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Neo-Institutionalism and Dissent in State Supreme Courts
Paul Brace and Melinda Gann Hall
The Journal of Politics
Vol. 52, No. 1 (Feb., 1990), pp. 54-70
Published by: The University of Chicago Press on behalf of the Southern Political Science Association
Stable URL: http://www.jstor.org/stable/2131419
Page Count: 17
You can always find the topics here!Topics: Dissent, Political science, Appellate courts, State politics, Voting, Rational choice theory, Statistical models, Judges, Environment modeling, Statistical significance
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This study applies concepts derived from neo-institutionalism to coalition behavior in state supreme courts, using a pooled cross-sectional time series design. Neo-institutionalism embraces rational choice assumptions about human behavior, with particular attention to how institutional arrangements shape purposive behavior. From this perspective, dissent, or the tendency to form less than unanimous voting coalitions, is viewed not merely as the collective expression of individual attitudes or policy preferences or the result of structural characteristics of institutions but rather as a complex interaction of values and structures. A model incorporating variables derived from the neo-institutional perspective was estimated with GLS-ARMA and compared to an environmental model generated from past research. The amount of variation in dissent rates uniquely accounted for by the neo-institutional model is over six times that of the environmental model, while a composite model can explain more than one-third of the variation in state supreme court dissent rates for 1966, 1973, and 1981. More importantly, however, all the relationships posited by the neo-institutional approach are statistically significant and in the expected direction. An institutional approach guided by rational choice theory offers an important contribution toward developing a more refined understanding of judicial behavior.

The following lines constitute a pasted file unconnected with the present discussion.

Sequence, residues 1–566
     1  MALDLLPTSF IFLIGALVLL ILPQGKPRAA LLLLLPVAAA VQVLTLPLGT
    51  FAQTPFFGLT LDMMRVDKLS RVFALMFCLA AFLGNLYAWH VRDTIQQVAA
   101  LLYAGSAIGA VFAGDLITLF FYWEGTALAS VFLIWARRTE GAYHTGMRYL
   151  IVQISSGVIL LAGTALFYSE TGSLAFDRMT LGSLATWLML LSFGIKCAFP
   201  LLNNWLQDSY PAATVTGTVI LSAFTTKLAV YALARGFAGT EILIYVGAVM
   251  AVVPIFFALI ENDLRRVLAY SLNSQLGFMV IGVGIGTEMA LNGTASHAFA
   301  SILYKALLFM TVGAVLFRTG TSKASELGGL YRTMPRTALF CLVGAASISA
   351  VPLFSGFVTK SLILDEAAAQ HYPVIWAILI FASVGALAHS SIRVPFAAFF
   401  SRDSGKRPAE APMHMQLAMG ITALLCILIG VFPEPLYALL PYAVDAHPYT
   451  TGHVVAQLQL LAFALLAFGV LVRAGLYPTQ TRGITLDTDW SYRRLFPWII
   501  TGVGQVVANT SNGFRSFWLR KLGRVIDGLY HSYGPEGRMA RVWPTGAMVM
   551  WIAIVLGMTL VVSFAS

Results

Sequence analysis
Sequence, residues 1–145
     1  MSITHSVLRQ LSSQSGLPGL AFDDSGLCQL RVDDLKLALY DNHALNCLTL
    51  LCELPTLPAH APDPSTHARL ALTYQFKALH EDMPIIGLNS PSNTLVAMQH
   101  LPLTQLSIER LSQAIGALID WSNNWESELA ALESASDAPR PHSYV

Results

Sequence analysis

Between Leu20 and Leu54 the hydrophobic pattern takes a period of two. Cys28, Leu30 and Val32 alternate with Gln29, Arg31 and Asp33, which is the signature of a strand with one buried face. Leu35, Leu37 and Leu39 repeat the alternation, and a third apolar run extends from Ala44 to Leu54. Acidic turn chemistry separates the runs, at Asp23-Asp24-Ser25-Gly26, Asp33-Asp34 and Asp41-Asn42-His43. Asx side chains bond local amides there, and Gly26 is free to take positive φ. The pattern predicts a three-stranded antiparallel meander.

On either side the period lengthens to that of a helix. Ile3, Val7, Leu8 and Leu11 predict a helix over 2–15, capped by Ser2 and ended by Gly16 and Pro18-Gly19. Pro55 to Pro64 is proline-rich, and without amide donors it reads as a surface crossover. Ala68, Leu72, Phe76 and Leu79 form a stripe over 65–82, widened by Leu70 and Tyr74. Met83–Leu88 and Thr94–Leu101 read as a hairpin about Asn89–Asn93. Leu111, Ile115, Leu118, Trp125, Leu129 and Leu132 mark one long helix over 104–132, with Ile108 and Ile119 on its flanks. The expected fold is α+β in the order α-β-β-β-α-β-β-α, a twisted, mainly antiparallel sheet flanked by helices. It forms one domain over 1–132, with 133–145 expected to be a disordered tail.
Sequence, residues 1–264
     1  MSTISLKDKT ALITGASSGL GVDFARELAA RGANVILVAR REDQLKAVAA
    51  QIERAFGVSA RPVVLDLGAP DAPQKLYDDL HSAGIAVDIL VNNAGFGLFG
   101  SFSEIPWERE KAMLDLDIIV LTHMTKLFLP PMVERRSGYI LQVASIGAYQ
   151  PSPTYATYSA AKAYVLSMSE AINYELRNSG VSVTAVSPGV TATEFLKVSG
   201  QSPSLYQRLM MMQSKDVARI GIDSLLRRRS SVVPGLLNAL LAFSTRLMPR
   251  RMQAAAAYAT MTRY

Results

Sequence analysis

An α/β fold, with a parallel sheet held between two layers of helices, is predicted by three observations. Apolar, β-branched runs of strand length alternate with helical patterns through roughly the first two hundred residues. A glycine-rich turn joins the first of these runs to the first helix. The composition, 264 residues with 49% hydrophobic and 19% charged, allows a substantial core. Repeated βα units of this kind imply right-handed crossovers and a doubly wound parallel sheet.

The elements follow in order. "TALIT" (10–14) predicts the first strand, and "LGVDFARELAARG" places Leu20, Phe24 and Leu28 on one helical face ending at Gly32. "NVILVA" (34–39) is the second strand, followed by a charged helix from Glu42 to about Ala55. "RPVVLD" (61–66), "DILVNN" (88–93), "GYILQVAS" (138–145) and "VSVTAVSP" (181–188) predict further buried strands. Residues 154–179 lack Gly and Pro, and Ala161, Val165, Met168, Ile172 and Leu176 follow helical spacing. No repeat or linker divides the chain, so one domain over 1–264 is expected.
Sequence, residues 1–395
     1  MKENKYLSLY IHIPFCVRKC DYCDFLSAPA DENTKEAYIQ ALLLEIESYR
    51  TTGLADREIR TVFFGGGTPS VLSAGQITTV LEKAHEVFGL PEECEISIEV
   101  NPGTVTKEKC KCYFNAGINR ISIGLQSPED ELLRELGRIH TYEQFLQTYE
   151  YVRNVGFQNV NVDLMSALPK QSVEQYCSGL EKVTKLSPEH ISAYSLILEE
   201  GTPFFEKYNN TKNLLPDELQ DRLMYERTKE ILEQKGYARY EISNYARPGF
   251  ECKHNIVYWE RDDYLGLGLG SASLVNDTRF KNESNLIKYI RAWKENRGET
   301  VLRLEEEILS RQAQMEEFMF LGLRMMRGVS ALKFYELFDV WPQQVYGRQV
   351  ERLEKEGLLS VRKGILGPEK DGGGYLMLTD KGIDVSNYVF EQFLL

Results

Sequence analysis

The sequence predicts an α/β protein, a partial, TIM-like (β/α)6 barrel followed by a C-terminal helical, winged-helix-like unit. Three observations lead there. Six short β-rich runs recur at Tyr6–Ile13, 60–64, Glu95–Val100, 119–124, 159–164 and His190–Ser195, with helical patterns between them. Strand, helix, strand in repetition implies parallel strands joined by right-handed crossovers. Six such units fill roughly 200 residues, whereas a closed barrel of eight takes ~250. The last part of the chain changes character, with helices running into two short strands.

The Journal of Politics © 1990 The University of Chicago Press